‘‘The reality is clear that the epidemic is now in a second wave,’’ [Doctors Without Borders director of operations Bart] Janssens said. ‘‘And, for me, it is totally out of control.’’The outbreak, which began in Guinea either late last year or early this year, had appeared to slow before picking up pace again in recent weeks, including spreading to the Liberian capital for the first time.‘‘This is the highest outbreak on record and has the highest number of deaths, so this is unprecedented so far,’’ said Armand Sprecher, a public health specialist with Doctors Without Borders.
The incidence of the disease in widespread locations in three countries has alarmed medical professionals. Doctors say they’re certain that many cases have gone unreported, according to NBC. And while health professionals have warned people against eating fruit bats, which are thought to carry the disease, the animals pose an additional risk: It is mango season, and bats may take bites out of fruit that humans later eat. These bats may also be responsible for spreading another fatal disease:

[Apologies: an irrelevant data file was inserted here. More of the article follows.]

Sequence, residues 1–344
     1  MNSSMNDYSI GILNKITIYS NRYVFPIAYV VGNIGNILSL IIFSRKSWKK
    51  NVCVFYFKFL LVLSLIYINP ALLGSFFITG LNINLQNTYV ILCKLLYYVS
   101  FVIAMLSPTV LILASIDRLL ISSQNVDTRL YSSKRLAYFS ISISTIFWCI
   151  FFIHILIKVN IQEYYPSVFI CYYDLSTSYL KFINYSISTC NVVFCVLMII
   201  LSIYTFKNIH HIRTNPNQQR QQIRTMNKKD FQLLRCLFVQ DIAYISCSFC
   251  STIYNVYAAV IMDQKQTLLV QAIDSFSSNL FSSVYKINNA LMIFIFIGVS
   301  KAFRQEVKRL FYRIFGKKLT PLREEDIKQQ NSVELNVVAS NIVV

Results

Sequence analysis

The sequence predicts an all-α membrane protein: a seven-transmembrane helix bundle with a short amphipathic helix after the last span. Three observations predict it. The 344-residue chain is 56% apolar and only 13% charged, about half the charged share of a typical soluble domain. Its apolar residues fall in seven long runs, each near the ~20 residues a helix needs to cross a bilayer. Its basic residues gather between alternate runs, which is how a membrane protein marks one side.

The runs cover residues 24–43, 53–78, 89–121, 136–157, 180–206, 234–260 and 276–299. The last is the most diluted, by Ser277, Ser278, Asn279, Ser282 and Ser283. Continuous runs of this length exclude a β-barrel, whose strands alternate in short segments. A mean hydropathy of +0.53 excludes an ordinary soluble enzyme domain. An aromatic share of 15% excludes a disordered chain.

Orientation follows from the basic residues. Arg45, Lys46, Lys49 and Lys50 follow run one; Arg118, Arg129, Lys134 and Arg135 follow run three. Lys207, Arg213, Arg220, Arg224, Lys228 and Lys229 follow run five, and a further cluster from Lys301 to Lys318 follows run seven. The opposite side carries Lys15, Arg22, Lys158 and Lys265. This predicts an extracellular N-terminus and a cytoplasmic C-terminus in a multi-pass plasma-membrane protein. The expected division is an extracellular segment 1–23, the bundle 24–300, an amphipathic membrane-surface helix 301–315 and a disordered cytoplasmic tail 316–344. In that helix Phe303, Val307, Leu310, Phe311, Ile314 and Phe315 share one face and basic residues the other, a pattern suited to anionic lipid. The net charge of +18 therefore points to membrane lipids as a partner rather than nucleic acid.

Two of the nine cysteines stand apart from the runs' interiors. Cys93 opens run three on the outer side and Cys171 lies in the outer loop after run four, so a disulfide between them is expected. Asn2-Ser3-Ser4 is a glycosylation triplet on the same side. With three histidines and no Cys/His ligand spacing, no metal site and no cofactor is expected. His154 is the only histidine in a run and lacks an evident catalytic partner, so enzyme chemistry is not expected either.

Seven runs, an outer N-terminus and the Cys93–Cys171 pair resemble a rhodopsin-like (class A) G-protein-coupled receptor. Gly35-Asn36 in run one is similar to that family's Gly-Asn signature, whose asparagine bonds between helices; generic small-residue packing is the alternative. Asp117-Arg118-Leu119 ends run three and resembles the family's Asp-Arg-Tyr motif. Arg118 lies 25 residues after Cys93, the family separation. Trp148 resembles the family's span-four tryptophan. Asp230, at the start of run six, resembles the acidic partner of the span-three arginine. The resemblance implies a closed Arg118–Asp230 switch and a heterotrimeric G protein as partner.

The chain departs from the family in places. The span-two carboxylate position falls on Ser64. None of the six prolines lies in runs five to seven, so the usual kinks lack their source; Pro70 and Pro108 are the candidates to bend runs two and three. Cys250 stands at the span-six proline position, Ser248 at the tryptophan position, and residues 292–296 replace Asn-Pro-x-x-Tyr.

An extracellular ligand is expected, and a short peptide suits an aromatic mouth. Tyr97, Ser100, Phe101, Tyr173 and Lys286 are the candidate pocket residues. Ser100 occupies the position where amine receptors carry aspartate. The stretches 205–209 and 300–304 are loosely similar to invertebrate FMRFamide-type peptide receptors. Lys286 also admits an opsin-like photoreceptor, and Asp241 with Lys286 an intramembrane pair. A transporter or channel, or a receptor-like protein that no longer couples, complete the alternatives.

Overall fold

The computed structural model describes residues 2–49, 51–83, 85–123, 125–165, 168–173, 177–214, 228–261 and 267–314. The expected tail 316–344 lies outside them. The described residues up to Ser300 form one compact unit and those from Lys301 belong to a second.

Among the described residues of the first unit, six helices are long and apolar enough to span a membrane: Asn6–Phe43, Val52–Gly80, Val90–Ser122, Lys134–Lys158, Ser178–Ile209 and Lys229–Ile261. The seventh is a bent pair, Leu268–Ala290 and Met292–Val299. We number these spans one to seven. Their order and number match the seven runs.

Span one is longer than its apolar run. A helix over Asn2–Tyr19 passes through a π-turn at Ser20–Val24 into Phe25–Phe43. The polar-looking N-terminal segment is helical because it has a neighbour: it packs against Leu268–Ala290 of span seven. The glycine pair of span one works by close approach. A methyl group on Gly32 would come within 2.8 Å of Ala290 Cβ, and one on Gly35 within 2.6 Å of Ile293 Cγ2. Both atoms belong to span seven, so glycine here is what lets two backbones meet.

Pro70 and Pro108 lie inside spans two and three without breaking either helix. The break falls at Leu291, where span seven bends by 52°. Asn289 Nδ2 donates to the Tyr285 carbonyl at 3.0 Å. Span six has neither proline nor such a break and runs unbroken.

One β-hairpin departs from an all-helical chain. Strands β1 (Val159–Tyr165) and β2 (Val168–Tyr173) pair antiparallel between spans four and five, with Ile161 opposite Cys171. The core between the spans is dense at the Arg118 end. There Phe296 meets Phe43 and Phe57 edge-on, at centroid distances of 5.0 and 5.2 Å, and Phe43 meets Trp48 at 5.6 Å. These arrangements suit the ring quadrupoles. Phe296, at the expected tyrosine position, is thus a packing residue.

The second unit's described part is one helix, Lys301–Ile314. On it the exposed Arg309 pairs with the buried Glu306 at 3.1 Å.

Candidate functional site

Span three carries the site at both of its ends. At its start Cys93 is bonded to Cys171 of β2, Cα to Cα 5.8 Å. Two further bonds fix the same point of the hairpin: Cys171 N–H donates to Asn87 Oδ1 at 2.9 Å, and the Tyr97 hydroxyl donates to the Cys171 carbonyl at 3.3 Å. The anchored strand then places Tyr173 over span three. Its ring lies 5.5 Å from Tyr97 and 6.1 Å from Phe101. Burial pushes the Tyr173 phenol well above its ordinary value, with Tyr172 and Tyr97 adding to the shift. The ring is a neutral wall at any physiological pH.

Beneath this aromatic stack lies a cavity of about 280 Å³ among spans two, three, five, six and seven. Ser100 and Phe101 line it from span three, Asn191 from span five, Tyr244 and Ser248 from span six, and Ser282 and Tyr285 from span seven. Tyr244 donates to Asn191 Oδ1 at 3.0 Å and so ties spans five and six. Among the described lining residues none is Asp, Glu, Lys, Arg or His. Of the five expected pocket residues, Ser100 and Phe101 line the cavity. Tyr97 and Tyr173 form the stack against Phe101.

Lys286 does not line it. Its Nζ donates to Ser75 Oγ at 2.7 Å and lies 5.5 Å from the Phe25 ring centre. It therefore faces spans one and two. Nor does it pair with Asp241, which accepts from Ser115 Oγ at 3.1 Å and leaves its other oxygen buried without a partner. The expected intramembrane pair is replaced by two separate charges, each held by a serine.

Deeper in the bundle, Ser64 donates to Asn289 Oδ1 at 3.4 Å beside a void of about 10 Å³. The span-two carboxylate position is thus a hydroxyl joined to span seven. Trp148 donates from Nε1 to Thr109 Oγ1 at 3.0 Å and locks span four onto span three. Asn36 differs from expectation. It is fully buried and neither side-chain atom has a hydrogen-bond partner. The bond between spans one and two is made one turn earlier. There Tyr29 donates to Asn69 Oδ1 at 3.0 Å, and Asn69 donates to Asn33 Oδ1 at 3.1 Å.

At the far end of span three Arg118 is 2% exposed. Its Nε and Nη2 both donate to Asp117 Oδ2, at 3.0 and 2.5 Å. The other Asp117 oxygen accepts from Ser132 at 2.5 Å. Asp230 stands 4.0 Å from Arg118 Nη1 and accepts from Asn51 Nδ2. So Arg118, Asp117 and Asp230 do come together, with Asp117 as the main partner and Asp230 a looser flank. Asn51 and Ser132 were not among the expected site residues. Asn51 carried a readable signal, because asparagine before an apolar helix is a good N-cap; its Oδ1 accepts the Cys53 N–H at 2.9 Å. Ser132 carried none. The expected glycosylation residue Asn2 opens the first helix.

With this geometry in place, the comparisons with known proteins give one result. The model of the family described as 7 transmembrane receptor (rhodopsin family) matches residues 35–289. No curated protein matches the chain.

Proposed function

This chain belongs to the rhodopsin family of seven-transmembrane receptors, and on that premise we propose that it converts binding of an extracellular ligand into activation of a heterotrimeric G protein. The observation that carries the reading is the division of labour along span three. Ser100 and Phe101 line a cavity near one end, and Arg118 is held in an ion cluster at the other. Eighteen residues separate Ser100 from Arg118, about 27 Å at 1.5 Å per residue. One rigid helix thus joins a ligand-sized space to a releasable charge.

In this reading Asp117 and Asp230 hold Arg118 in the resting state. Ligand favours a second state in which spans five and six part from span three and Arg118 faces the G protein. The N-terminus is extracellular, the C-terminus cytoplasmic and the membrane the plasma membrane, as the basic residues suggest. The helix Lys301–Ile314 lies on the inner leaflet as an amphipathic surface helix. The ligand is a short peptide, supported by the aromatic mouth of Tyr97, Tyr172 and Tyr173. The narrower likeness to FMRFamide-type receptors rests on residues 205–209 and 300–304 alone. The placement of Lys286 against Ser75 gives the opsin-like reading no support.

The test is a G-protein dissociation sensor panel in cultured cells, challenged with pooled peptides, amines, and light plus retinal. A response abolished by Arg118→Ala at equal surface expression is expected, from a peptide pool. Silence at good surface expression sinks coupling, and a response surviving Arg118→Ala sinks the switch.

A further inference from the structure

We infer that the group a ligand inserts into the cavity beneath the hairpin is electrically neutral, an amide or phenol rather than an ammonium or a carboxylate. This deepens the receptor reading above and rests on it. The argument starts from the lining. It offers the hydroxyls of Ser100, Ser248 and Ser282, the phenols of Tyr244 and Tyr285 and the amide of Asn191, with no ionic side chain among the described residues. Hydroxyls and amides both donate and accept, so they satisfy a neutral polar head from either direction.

Researchers tracking Middle East Respiratory Syndrome virus or MERS are also checking the theory that fruit-eating bats may spread that virus in their saliva.
Janssens, the Doctors Without Borders official, called on aid organizations and nearby governments to increase their efforts to combat the disease. The disease is highly contagious and growing deadlier all the time; all nations should be alert to the dangers that even a single traveler might bring.